Eating Glass · February 16, 2022
Alice Glass, former frontwoman of legendary electronic duo Crystal Castles, returns after several years with her debut solo album, PREY//IV. Her last major release, a self-titled EP in 2017, was generally well-received, especially when compared to the music that Crystal Castles was releasing at the time. Glass left Crystal Castles in 2014, and later cited the abuse she received from fellow band member Ethan Kath as the primary reason for her departure. She addresses many of the details of this relationship on this record and, indeed, those make for some extremely compelling and interesting moments that are worth listening to. However, much of the rest of the record is filled with material that is fairly forgettable and surprisingly bare-bones for an artist that is this talented.
Some tracks on this record are genuinely thought-provoking expressions of Glass’s intense feelings, and as such there is a lot of untapped potential being shown. For example, “BABY TEETH” uses vivid, gory imagery within the lyrics to describe exactly how Glass was feeling during her time in Crystal Castles. The house-inspired synths are very reminiscent of Crystal Castles’ early work, and the piercing vocal effects on Glass’s voice couple with those nicely. “SUFFER AND SWALLOW” employs similar lyrical and production tactics, but draws them out longer and plays with them in more interesting ways. Glass’s vocal performance on this track is also probably the best on the record, bringing a certain manic energy to the table that isn’t present on much of the other material. It’s not only abrasive but extremely emotionally potent. Another notable track is “ANIMOSITY,” which, while more subdued instrumentally than the other tracks, presents something much more ethereal that becomes much more intense and explosive during the chorus.
However, much of the record fails to capitalize on the potential that is illustrated with those few tracks. There are several tracks on the album where either the vocal melodies are questionable, or certain lines within the lyrics themselves could have benefitted from some revisions. “PINNED BENEATH LIMBS,” “EVERYBODY ELSE,” and “THE HUNTED” are good examples of this – there are definitely good songs hidden in these tracks somewhere, and they could have been so much better had there been some minor edits here and there to bolster the presentation as a whole. Some of the instrumentals also sounded fairly bare-bones at points, namely on “FAIR GAME,” which otherwise could have been a much more captivating song considering the emotional potency of its lyrics. At other times, the intense moments of songs just feel out of place or improperly implemented, such as on the chorus of “LOVE IS VIOLENCE,” which sounds like a lackluster early 2010s dubstep track.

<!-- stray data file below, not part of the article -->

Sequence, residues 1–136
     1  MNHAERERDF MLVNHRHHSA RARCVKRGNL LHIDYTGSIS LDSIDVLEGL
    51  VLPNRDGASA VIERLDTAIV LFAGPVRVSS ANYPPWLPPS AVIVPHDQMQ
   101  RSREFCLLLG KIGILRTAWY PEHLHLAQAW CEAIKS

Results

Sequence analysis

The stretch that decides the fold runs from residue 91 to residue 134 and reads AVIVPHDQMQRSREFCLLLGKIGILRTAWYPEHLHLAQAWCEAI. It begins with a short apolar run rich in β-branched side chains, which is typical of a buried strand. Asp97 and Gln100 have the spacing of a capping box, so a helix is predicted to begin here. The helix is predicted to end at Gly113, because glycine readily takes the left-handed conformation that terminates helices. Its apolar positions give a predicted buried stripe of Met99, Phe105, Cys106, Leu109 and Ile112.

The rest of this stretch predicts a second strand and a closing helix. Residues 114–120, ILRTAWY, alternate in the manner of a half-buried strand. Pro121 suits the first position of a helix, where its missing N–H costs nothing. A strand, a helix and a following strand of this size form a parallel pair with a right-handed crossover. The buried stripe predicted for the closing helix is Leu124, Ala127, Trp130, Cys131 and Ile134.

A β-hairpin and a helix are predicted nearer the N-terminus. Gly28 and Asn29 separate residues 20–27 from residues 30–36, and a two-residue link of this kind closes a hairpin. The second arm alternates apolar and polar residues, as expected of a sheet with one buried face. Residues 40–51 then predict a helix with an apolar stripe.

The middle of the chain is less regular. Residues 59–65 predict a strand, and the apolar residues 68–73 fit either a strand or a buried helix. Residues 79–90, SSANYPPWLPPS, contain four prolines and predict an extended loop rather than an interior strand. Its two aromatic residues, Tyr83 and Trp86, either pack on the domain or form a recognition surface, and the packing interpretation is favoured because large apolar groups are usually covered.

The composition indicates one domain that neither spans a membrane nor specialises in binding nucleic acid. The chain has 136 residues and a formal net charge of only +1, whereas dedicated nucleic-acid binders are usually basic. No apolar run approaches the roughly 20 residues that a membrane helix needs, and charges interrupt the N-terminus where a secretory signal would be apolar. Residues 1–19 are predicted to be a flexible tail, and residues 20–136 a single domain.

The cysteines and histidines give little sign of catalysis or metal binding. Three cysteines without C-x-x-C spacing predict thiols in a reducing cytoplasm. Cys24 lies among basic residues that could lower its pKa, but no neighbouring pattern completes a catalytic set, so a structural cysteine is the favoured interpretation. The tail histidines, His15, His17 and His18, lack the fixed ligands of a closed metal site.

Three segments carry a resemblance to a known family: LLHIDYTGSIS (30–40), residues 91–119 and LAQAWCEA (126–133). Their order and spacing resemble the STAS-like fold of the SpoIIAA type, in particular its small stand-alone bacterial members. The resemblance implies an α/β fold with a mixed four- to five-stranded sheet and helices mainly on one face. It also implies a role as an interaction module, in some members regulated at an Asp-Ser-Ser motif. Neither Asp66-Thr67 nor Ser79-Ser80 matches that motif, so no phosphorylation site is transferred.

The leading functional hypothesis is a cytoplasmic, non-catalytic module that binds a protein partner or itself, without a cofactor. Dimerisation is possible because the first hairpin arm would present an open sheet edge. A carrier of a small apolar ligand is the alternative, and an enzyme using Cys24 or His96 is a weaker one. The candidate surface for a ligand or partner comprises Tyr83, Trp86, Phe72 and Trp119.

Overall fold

There are interesting ideas sprinkled throughout this record, but in most cases, they are not explored in a compelling manner or are muddled by other aspects of each track that could have used more work. The album definitely has a few moments where everything comes together, and those moments are genuinely spellbinding, but they are few and far between. Perhaps on a subsequent record, Glass may be able to fine-tune some of the apparent kinks on PREY//IV, but as it stands, this record is mostly unfulfilled potential.